How to Compare Trekking Poles

How to Compare Trekking PolesReminiscent of ski poles, trekking poles are used by hikers and climbers in all sorts of terrain. They work as an extension of your body, providing stability and relieving pressure on your joints. A good trekking pole should be comfortable and functional, becoming a tool that will travel many miles with you. Before being lured by extra options, make sure the pole feels good and is easy to use.


Difficulty: Easy

Comparing Trekking Poles

Step 1
Consider your budget. Trekking poles, with their long list of options, vary in price. Consumer Search reports that the basic Leki Wanderfreund pole costs $70, while Black Diamond's popular models can cost $100 and above.
Step 2
Try the grips. Grips are made of rubber, cork or foam, and each offers different benefits and its own feel. Rubber insulates in the cold, but may be too rough in warm weather. Soft foam grips absorb sweat well. Cork minimizes vibration and shapes to your hands.

Select the grip that fits your hand and feels comfortable. Choose a material based on its comfort and ideal working temperature. 
Step 3
Select the pole type. According to Consumer Search's report, trekking poles can have an adjustable length or come as an ultra light, fixed-length model. Inspect the locking mechanism when considering an adjustable model. Make sure its connection is easy to operate yet durable.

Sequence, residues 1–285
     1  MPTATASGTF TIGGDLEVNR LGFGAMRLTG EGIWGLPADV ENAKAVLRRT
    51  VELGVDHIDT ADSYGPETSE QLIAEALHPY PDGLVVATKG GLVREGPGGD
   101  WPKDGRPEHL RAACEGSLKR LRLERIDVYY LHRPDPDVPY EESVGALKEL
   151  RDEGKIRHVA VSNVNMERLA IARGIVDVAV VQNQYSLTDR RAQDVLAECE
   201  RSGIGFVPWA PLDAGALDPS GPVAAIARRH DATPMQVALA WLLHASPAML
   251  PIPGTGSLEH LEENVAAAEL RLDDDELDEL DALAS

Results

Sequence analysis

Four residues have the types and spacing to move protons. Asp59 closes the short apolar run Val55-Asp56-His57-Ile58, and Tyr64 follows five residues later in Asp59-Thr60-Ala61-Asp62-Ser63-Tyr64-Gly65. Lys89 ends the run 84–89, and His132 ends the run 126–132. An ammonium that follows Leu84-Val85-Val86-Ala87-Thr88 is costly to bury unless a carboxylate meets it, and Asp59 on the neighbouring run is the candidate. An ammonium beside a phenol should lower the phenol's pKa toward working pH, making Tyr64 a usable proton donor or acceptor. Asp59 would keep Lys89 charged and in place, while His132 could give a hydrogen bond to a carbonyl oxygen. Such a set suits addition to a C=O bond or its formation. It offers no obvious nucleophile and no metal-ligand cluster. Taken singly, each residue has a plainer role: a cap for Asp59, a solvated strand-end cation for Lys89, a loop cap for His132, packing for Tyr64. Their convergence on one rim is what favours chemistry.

Step 4
Select the pole weight. The additional pieces in an adjustable pole can add to the weight of the pole. Similarly, anti-shock systems increase a pole's weight. When weight is not an issue, the anti-shock systems are a good option to further alleviate impact and strain on your shoulders and back when hiking up hills.
Step 5
Choose the shaft material. The REI website explains that the advantages of aluminum poles are their strength and affordability. Carbon poles, both lighter and more expensive, are strong enough for most hiking but not recommended for rugged terrain.

Tips & Warnings

Most poles include standard tips and baskets. For basic hiking, this stock option may be all you need. Baskets can be changed to accommodate muddy or snowy terrain. Additional tips can be used when walking on asphalt or delicate terrain. 

Article Written By Sarah Shelton

Based in Oregon, Sarah Shelton has worked as a freelance writer since 2008. She enjoys covering travel, home and garden, and automotive topics. Her articles have appeared nationwide with Internet Broadcasting, Adventure Travel and Real Estate Experts. With a major in biology, Shelton received her Bachelor of Science from Fort Lewis College in Durango, Colorado.

The Latest from the Community